ROSWELL, Ga. — A new face is taking the reins of the Roswell Arts Fund, the independent nonprofit that serves as the city’s designated arts agency.
The Roswell Arts Fund Board of Directors recently announced that Ghila Sanders was named its new executive director.
Sanders brings more than 10 years of nonprofit leadership experience. She is a graduate of La Sapienza University in Rome, Italy, and completed her master’s degree in business administration at Georgia State University.
Sanders said she was drawn to the organization by its inclusive language.
“It showed a deep understanding of the value of public art and of community engagement,” Sanders said. “Most of all, it felt like an outstanding opportunity to co-create with this community, invigorate its sense of place, bring attention to local businesses and become an active part of a transformative moment in time. And now that I have joined Roswell Arts Fund, I can safely say that I am absolutely blown away by this place: this city is beautiful, incredibly welcoming, generous and fun all at once. It truly embodies its tagline: Modern Spirit, Southern Soul.”
The Roswell Arts Fund was founded four years ago by Rochelle Mucha. Its accomplishments include creation of the now annual Sculpture Tour and purchase of several permanent public art pieces.
“Roswell Arts Fund is entering a new chapter in our history,” Mucha said. “Ghila brings the experience, talent, passion, and energy to extend and strengthen our local and regional reach and impact.”
Sanders was chosen after a three-month national search. As the new executive director, she will lead development efforts and identify key foundations and grants that align with the organization’s goals.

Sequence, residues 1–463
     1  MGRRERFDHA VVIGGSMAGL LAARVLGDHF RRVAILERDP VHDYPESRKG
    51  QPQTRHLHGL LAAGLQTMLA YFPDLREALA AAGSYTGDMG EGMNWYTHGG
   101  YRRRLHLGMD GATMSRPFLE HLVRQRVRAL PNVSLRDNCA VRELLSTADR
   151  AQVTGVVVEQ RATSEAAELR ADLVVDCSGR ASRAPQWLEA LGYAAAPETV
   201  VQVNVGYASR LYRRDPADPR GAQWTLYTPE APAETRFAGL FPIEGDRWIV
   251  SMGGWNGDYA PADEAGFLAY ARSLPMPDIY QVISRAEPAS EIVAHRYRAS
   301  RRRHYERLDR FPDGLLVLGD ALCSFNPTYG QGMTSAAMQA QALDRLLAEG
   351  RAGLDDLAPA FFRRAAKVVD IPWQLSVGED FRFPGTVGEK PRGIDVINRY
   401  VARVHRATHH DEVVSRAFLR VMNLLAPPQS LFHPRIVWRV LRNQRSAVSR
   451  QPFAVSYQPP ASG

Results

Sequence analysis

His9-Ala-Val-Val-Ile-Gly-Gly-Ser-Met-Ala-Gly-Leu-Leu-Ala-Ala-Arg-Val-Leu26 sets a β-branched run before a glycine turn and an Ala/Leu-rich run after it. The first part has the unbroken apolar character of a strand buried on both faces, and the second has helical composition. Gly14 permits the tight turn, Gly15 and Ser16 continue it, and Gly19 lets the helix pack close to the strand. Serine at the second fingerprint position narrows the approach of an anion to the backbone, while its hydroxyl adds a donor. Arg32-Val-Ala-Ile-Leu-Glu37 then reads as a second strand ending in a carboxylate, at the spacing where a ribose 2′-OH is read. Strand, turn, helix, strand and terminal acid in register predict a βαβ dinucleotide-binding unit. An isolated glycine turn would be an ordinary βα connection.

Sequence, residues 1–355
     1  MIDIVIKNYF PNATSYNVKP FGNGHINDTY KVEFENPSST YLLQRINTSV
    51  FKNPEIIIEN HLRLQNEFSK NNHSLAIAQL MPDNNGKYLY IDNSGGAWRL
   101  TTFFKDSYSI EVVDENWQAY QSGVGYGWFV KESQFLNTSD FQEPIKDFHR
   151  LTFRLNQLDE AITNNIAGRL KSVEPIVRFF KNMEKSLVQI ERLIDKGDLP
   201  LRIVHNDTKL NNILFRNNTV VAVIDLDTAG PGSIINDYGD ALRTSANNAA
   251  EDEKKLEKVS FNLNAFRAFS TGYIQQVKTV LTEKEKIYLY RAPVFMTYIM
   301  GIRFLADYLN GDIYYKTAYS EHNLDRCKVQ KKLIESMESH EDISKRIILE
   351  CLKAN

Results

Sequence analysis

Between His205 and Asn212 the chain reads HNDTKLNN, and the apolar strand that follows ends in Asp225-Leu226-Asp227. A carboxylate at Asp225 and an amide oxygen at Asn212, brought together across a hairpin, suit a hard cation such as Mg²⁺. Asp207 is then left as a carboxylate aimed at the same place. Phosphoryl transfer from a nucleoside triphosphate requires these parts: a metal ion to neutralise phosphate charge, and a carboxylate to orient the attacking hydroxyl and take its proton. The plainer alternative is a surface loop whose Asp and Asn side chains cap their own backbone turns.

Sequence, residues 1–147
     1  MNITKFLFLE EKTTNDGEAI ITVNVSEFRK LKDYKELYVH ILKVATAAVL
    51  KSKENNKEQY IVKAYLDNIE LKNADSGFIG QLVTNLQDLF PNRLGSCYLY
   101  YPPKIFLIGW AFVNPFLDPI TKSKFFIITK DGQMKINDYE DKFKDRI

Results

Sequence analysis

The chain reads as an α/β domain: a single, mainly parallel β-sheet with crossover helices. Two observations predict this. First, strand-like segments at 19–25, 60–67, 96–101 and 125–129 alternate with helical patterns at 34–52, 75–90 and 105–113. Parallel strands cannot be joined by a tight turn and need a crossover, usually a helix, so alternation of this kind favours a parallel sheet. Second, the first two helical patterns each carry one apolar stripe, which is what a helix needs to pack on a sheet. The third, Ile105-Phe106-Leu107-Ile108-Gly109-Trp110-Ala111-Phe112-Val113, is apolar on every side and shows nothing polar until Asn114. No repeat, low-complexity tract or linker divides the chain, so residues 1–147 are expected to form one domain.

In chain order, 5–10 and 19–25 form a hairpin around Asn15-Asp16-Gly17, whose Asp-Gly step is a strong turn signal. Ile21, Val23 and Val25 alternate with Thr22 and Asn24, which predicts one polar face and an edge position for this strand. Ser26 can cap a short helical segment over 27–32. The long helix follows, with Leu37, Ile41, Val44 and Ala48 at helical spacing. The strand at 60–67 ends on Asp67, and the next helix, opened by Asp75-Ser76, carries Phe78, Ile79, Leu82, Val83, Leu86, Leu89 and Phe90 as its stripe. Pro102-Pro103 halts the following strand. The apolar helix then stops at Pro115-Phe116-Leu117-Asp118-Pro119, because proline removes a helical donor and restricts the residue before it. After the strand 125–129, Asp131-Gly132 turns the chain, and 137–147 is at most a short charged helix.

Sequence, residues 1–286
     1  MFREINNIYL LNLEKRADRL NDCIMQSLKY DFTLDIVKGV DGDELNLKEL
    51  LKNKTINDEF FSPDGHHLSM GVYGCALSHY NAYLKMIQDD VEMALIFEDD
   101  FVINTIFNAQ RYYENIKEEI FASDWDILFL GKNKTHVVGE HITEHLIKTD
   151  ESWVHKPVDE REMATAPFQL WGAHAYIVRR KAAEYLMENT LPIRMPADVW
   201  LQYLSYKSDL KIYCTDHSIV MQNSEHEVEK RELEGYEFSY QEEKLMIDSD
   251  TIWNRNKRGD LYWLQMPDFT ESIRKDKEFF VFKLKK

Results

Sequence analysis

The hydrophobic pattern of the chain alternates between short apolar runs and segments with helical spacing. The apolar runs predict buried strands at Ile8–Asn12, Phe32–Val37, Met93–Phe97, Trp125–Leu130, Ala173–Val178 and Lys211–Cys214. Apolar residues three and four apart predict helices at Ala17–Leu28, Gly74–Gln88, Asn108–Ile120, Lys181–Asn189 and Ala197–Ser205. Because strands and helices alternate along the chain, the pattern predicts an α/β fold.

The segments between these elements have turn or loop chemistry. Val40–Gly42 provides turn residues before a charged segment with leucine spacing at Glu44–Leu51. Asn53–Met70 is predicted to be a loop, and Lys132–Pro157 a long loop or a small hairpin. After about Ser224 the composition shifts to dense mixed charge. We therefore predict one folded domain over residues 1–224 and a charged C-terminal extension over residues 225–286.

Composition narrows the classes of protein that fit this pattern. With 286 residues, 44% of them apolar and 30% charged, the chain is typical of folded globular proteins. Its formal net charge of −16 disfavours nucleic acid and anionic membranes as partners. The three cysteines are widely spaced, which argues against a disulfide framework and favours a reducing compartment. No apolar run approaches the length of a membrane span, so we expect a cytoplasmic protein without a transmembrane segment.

Sanders said she already has several plans for the Roswell Arts Fund.
“There is no shortage of new plans,” she said. “The key is to try to keep a good and steady pace.”
Some of the immediate plans is to implement the Public Art Master Plan, which includes more functional art installations such as bike racks, benches and creative crosswalks. The Roswell Arts Fund will also collaborate more with city departments to enhance the safety of the city’s entry points along with art that will reflect Roswell’s character, Sanders said.
Future plans include bringing the arts to the forefront of urban planning and bringing creative placemaking to private and public spaces.
“The community [also] indicated a need for a state-of-the-art performance space,” Sanders said. “Roswell Arts Fund completed a three-phase study in 2019, and now it’s time to bring that conversation forward with some large-scale community engagement.”
Sanders urged anyone interested in the arts to check out the Roswell Arts Fund.
“Public art is an incredible tool for collective expression, and it also serves a very simple but essential purpose for any one of us: it sparks joy,” Sanders said. “We are here to serve you and co-create with the community in ways that are meaningful and reflect Roswell’s authentic spirit. So, come join us!... We are investing in Roswell and hope to give you plenty of reasons to invest back in us.”
For more information, or to volunteer, donate or become a member, visit roswellartsfund.org.